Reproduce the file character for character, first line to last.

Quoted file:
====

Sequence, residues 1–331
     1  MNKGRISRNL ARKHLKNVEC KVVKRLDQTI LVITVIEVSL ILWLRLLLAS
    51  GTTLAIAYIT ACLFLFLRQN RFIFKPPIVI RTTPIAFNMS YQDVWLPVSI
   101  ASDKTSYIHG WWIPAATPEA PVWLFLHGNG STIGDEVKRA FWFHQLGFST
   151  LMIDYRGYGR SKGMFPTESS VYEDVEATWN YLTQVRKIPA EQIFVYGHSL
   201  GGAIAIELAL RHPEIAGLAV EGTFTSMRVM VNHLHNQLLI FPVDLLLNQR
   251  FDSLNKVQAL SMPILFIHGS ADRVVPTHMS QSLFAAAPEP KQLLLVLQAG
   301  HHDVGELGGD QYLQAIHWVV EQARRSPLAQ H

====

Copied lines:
Sequence, residues 1–331
     1  MNKGRISRNL ARKHLKNVEC KVVKRLDQTI LVITVIEVSL ILWLRLLLAS
    51  GTTLAIAYIT ACLFLFLRQN RFIFKPPIVI RTTPIAFNMS YQDVWLPVSI
   101  ASDKTSYIHG WWIPAATPEA PVWLFLHGNG STIGDEVKRA FWFHQLGFST
   151  LMIDYRGYGR SKGMFPTESS VYEDVEATWN YLTQVRKIPA EQIFVYGHSL
   201  GGAIAIELAL RHPEIAGLAV EGTFTSMRVM VNHLHNQLLI FPVDLLLNQR
   251  FDSLNKVQAL SMPILFIHGS ADRVVPTHMS QSLFAAAPEP KQLLLVLQAG
   301  HHDVGELGGD QYLQAIHWVV EQARRSPLAQ H